Exa-cel, the first CRISPR therapy moves closer to market

Rodger Novak is the president of CRISPR Therapeutics, a company he co-founded with Emmanuelle Charpentier in 2013. Jennifer Doudna was invited to join but declined.

The road from clinical trials to regulatory green light now appears to be downhill for the treatment for sickle cell anemia developed by CRISPR Therapeutics, the company co-founded by Emmanuelle Charpentier. We knew it as CTX001 but it has changed its name to exa-cel (which stands for exagamglogene autotemcel). It was one of the first CRISPR-based gene therapies to enter clinical trials, in 2019. It changed the lives of Victoria Gray and dozens of sickle cell anemia and thalassemia patients enrolled in several countries. Now it also leads the way in the late stage of the regulatory process, both in Europe and the United States, and could come to market first, in 2023. For more information see the press-release by Vertex, that collaborates at exa-cel manufacturing, regulatory and commercialization.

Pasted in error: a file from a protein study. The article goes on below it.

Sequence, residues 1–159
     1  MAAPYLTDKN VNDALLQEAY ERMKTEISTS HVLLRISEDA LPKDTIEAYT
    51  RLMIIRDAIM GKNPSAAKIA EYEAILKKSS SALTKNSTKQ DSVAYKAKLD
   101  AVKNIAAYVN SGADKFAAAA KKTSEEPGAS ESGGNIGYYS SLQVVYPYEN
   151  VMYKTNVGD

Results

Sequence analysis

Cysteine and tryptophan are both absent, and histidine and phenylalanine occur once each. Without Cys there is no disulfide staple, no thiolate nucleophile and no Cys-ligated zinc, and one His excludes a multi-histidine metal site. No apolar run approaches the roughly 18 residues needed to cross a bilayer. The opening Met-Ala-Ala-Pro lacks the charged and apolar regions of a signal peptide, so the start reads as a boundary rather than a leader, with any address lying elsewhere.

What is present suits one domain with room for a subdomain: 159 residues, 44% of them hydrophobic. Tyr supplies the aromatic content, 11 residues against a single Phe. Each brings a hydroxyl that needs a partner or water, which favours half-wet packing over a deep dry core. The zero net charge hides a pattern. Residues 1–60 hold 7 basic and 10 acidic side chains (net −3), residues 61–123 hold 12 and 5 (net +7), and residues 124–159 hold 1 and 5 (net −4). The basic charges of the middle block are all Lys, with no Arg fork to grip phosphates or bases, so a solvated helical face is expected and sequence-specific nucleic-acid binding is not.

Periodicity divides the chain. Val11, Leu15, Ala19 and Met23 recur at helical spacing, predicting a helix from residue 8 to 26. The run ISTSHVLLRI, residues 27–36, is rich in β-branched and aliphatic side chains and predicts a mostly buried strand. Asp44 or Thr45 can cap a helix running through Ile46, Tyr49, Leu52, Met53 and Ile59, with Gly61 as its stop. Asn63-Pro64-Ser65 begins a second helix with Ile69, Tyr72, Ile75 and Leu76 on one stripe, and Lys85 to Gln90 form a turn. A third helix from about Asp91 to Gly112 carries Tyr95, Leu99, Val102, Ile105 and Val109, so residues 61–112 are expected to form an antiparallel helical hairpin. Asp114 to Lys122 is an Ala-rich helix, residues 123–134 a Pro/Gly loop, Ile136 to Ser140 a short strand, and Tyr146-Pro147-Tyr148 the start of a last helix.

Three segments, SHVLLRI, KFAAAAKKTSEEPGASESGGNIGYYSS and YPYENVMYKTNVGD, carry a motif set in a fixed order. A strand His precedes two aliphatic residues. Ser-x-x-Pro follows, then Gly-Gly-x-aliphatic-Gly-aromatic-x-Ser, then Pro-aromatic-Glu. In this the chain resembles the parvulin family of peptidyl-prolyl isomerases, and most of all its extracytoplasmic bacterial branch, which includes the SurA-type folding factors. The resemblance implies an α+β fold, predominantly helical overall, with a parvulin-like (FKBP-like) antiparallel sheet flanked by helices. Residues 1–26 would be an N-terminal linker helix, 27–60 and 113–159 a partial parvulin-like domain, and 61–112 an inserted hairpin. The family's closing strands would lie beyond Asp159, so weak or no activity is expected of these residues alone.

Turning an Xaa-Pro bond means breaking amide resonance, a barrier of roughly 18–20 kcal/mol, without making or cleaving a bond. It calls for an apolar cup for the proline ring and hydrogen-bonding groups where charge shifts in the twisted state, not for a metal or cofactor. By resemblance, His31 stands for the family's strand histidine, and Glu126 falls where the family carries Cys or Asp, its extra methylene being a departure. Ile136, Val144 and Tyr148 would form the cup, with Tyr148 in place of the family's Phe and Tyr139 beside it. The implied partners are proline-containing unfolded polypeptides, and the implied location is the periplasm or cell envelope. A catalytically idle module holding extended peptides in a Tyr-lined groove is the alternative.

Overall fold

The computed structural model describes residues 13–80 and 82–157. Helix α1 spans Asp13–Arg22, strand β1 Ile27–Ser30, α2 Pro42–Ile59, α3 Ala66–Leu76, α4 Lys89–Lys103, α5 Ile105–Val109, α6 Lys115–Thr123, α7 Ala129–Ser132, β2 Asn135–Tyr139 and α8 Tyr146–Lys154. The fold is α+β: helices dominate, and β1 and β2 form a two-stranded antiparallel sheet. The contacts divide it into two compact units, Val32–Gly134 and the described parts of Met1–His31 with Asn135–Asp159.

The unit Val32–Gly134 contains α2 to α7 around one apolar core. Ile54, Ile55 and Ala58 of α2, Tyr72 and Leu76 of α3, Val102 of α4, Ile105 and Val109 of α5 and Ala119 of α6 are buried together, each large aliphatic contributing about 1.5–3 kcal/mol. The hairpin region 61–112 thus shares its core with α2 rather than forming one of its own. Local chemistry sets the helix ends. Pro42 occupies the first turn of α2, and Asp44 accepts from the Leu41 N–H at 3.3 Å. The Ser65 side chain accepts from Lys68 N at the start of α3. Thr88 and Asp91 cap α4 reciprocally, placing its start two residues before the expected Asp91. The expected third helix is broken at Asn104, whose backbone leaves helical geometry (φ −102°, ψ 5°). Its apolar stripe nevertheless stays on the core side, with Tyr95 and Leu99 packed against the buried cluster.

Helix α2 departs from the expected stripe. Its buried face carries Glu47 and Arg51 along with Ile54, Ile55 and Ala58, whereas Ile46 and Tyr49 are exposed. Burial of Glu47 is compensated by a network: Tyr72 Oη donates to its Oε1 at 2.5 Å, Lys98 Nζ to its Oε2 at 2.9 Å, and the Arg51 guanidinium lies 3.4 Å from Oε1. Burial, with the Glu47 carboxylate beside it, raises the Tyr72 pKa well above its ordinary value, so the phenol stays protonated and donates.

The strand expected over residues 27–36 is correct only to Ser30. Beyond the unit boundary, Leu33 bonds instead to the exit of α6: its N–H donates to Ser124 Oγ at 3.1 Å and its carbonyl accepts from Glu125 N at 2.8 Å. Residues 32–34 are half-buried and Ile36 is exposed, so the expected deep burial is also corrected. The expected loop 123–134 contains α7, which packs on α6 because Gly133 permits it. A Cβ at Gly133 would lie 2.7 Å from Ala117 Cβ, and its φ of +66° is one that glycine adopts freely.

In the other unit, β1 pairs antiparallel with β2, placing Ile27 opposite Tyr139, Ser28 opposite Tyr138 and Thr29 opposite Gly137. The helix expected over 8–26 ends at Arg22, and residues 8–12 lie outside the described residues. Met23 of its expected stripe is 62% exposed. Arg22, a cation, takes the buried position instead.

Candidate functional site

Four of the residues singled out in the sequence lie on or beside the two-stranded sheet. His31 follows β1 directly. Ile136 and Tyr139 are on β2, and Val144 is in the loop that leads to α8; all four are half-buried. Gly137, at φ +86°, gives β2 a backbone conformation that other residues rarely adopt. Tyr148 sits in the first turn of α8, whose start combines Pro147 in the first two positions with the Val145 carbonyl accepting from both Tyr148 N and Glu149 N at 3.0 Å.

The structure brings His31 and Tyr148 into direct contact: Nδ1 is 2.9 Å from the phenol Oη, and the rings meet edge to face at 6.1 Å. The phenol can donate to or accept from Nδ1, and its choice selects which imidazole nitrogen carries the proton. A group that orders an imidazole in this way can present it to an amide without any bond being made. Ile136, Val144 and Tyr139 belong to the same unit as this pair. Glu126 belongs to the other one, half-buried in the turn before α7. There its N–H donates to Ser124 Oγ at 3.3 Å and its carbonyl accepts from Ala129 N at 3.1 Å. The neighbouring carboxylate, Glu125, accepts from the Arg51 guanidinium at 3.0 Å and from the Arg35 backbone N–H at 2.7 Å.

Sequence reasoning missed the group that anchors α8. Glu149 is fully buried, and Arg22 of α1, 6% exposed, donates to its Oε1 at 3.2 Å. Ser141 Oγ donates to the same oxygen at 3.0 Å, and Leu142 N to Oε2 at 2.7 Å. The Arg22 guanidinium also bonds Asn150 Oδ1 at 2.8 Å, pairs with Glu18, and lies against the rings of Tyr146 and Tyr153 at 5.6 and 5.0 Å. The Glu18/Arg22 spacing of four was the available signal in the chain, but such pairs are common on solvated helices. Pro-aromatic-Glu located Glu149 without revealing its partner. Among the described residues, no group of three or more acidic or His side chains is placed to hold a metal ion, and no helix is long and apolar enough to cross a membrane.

Breaking or fixing? A tale of two approaches for hemoglobinopathies

Painting by Hertz Nazaire

Covid19 is affecting everyone, but it has hit the sickle cell (SCD) community particularly hard. According to STAT News the pandemic has temporarily stopped clinical trials and the introduction of new drugs, besides directly impacting SCD patients who are at high risk for severe complications from Sars-Cov2 infection and may need hospital assistance for SCD pain crises.

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